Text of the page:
Do you know your lumens? The conventional ways of measuring light output have changed in recent years…
Dim and Old = Watts
Bright and Bold = Lumens
When working with halogen and strobe lights, manufacturers traditionally use watts to relay the “brightness” of the light output. A watt is a measurement of power, so when more efficient and brighter LEDs were introduced that produced less power, watts no longer conveyed the same meaning. Lumens started to gain more traction in the market. A lumen measures the actual light emitted from the source over a period of time. Regardless of the hardware or technology used to produce light, using lumens is a more consistent way to describe brightness.
A lighting product’s lumen output is advertised in different ways and understanding the terminology will “enlighten” your next work light or utility bar acquisition.
Calculated lumens are based on theoretical values and not actual performance, which doesn’t take into account other factors that may decrease light output. On the other hand, measured lumens state actual light output as measured in a test laboratory integrating sphere. To complicate matters further, there are also raw lumens (brightness at start up) and effective lumens (brightness after 30 minutes of on time to account for thermal, optical and circuitry losses), both of which can be either calculated or measured.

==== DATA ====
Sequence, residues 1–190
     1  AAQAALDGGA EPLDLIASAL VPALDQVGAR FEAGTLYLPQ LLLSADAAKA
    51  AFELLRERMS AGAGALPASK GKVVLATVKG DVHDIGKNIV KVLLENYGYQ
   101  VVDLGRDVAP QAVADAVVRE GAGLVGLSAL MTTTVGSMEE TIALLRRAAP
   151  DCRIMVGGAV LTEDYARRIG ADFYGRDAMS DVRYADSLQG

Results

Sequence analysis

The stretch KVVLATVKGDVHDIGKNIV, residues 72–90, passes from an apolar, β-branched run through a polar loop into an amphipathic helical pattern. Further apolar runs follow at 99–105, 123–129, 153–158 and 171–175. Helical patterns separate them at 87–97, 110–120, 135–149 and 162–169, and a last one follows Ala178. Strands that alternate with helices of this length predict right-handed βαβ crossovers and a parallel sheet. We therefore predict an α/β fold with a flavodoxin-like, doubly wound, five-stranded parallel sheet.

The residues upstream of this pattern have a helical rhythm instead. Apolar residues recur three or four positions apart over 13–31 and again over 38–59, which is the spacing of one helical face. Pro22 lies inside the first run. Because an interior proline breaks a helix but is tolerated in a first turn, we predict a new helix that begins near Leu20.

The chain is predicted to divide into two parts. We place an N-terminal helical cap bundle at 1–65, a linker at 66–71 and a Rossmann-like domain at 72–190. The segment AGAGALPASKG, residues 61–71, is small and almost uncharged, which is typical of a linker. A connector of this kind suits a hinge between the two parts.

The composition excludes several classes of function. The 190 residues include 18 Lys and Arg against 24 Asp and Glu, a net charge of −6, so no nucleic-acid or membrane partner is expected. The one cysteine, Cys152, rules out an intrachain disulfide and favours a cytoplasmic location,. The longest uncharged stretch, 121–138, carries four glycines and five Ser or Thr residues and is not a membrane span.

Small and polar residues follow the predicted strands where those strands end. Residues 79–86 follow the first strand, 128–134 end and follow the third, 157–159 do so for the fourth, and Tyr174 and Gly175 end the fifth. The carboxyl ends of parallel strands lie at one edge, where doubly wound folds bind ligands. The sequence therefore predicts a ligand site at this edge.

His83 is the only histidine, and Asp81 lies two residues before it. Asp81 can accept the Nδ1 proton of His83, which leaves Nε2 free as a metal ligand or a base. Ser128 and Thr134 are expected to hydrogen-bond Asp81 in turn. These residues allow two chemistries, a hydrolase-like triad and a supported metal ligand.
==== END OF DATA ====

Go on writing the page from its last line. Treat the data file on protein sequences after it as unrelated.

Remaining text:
While measured lumens are always the most accurate, the lighting industry typically states calculated raw lumens as the numbers are more impressive. So, when comparing two manufacturers’ lights make sure the specifications are comparable and use the same methodology.
Here is a quick guideline for comparing lumens to lumens:
View our other blog posts related to Work Zone Safety. This article republished with permission from ECCO.